KPMG LLP may avoid potentially fatal criminal charges over its sale of tax shelters after the Bush administration instructed federal prosecutors to seek a settlement with the accounting firm, people familiar with the case said.
The Justice Department in Washington directed David Kelley, the U.S. attorney for the Southern District of New York, to negotiate a deal to avoid charges that could drive KPMG out of business, said the people, who requested anonymity.
A settlement would ease concerns in the Justice Department and among securities regulators that KPMG’s collapse would eliminate thousands of jobs and reduce the number of major accounting firms to three. Hundreds of large companies would have to scramble for an auditor if KPMG goes under.
“The Justice Department’s issue is do we really want to take this down to the Big Three,” said David Gourevitch, a former prosecutor, now in private practice in New York. “Or is there some way short of destroying this company that we can get some comfort that this is not going to be recurring in the future?”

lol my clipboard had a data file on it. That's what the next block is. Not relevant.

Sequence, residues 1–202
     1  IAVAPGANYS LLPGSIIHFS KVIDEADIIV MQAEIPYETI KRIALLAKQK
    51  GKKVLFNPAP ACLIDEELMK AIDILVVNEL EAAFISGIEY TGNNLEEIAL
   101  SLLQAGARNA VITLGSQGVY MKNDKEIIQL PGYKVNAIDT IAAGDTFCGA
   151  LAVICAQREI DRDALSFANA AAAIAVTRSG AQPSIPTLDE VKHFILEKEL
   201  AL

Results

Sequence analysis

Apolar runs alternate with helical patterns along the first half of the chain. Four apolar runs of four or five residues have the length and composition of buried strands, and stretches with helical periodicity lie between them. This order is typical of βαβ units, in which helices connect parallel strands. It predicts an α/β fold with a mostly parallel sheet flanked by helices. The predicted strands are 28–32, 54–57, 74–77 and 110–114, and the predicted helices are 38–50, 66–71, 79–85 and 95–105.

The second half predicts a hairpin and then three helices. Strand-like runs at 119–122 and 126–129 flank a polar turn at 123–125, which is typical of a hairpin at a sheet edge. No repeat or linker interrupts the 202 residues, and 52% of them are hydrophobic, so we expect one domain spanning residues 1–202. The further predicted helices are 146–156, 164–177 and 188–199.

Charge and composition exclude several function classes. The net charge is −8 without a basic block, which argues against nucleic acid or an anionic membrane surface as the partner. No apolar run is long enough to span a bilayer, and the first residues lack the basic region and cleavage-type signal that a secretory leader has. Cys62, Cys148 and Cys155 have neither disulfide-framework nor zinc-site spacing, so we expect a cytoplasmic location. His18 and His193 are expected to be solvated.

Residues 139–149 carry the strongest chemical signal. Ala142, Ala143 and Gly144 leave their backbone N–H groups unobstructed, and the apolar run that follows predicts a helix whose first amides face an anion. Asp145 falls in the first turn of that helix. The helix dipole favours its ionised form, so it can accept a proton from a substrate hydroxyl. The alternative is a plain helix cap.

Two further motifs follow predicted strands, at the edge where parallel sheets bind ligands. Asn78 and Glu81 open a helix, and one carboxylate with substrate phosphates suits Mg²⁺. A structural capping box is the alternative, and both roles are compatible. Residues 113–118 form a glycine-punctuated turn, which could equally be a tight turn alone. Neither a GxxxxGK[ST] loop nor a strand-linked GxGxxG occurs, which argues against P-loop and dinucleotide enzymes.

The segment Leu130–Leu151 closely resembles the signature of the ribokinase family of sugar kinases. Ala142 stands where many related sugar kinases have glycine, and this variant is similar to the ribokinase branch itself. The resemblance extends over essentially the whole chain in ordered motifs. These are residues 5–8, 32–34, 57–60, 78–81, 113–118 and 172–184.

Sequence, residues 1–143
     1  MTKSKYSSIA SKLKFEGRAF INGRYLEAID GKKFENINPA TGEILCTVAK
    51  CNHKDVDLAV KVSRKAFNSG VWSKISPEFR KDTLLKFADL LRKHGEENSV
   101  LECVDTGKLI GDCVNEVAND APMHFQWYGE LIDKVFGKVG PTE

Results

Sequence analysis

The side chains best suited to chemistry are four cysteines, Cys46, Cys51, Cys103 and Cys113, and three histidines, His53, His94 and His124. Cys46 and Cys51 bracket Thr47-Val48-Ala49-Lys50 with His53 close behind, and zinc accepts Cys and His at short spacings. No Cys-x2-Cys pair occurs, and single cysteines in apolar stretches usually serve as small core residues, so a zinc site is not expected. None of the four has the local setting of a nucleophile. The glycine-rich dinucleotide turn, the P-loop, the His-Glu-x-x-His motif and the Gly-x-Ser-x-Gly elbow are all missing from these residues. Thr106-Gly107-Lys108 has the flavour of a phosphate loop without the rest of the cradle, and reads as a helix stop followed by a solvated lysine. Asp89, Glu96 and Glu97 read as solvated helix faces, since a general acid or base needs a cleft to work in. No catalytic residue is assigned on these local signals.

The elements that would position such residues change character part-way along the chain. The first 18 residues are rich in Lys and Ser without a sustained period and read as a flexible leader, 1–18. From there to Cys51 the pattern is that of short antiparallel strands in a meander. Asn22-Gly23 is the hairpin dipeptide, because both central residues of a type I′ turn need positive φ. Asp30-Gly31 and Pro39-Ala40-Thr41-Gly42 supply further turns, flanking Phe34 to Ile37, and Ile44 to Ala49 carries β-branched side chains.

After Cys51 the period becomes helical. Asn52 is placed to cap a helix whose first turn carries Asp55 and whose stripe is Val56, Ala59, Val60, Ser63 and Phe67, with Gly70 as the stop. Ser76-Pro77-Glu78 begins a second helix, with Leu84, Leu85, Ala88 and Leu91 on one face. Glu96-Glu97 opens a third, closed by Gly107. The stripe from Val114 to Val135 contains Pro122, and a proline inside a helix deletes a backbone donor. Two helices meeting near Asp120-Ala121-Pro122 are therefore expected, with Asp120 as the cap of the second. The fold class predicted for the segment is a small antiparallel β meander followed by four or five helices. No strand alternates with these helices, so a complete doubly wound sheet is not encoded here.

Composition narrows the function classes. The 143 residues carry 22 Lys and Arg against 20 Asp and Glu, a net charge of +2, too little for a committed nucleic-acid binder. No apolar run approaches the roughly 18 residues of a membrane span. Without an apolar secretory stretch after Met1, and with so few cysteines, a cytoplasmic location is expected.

If the talks between Kelley and KPMG break down, the firm could still be indicted, the people familiar with the discussions said. KPMG may face charges it obstructed justice, sold abusive tax shelters to rich clients and misled investigators from the Internal Revenue Service.
KPMG has been negotiating with officials in Washington to help resolve the case, which is being handled out of Kelley’s office in Manhattan. The firm acknowledged the threat of an indictment in June and apologized for what it said was unlawful conduct by former partners.